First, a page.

Tuesday, October 05, 2010

BBC interviews Chairman of Christie's International on the art market and the commercialisation of art

Last night, BBC HARDtalk's Sara Montague spoke with Edward Dolman, former CEO and current Chairman of Christie's International, on the state of the art market, the appeal of art as an alternative investment to stocks or bonds and the growing commercialisation of art. At present, a full version of the interview does not appear to be available online but an extract can be found here. Based on my own notes of the interview, this is what Dolman had to say:

On art as an investment: investors are looking for "tangible assets, especially in a period of inflation" but investors must realize that "the value [of an artwork] can go up and down." Acquiring art for investment purposes is "hardly a new phenomenon" though the principal drivers for an acquisition should be whether the buyer "engages" with and is "inspired" by the artwork.

On the top-end of the art market: a very discrete group of people composed of around "100 to 150" investors/collectors with "the East [referring to Russia, the Middle East and China in particular] playing a much bigger role."

On the recession: the top-end of the art market has recovered but other areas are seeing a "slow recovery."Some pre-recession trends have continued: post-war contemporary and Chinese art are "still hot" and at "the very high end." Dolman went on to discuss the "serious competition" faced by Christie's from the new auction houses in Beijing. However, he said the fact that "most great Chinese works are outside China" gives Western auction houses a competitive advantage over their Chinese counterparts.

On the record-breaking Picasso auctioned last May: people at Christie's were "not surprised" it sold for $106.5m given Picasso is widely considered to be "the greatest artist of the twentieth century" and the place the 1932 painting holds within the artist's oeuvre. Picasso, Dolman said, is "as close to a blue chip investment as you can make in the art market today."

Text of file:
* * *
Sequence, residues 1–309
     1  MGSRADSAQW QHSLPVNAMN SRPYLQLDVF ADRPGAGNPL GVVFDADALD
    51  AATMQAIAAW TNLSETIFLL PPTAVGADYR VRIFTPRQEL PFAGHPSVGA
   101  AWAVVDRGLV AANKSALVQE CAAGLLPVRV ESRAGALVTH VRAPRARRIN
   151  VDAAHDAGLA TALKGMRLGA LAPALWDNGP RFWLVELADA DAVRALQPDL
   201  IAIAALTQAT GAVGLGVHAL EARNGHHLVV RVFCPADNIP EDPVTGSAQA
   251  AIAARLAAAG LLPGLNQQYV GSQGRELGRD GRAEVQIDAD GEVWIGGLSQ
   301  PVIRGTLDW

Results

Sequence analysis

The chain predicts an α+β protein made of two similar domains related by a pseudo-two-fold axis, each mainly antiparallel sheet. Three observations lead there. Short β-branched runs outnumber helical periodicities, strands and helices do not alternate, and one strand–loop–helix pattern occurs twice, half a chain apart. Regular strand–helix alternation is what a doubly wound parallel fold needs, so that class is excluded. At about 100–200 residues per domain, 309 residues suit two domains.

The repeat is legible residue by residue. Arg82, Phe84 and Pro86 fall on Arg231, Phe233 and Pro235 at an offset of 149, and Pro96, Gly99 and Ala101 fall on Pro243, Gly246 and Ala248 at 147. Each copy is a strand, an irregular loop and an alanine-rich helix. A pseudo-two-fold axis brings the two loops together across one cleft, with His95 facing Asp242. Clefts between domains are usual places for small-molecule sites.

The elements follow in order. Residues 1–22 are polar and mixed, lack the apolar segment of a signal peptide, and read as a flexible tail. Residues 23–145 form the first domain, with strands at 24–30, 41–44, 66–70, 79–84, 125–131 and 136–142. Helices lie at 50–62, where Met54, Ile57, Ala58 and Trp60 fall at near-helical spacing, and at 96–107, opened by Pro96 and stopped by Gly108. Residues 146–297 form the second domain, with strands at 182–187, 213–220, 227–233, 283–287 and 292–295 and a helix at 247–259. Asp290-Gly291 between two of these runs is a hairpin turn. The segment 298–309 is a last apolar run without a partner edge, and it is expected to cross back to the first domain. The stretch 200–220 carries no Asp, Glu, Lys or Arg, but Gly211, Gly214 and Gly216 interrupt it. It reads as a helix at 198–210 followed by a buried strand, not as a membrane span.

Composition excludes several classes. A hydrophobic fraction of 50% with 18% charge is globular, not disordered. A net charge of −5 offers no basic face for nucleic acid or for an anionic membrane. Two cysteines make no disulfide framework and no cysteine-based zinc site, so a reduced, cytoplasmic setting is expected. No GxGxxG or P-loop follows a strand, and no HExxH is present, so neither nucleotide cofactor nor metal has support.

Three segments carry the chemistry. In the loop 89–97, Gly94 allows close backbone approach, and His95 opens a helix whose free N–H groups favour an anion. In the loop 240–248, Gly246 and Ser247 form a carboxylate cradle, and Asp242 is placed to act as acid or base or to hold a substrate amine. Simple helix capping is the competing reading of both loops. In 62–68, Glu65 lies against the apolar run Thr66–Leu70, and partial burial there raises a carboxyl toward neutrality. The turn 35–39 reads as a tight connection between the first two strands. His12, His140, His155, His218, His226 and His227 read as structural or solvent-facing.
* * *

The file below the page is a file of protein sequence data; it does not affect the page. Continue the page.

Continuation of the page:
On Christie's as a taste-maker: the auction house is not responsible for "creating tastes" but rather "responds to what clients are wanting to collect" and to demand for certain "categories of styles."

On the tastes that drive the art market today: modernism, "objects that remind them [buyers] of their own time." For example, Warhol "has a huge appeal because he mirrors the society a lot of collectors lived in." Dolman also noted the emergence and development of a "global taste" with Hirst and Koons collectors in Asia becoming some of the most imporant for these artists.

On Christie's' new CEO as a symbol of the commercialisation of art (see here for background): Christie's "is a business after all," a global one with shareholders "who expect returns." The auction house will benefit from the "fresh eyes of an outsider" and the former CEO (who had been at Christie's for 15 years prior to his appointment as CEO in 1999) said the fact that Murphy had no prior experience in the art world was of no importance because people at Christie's "already have a lot of the knowledge."

On any misgivings about the commercialisation of the art world: None. "Society's recognition of the art world is fundamental." The fact that it's "seen as having such great importance explains the value assigned to art."

On Jerry Saltz's view that money corrupts the creative process: such a critique represents "a denial of everything that's happened in the last one hundred years;" patrons are "historically behind great art" and "money and art [have been] linked for generations and generations" (Dolman makes a reference to the Medici). It is "unwise to disconnect money from the livelihood of the artist and his ability to create" and art's "[monetary] value has allowed it to be preserved."

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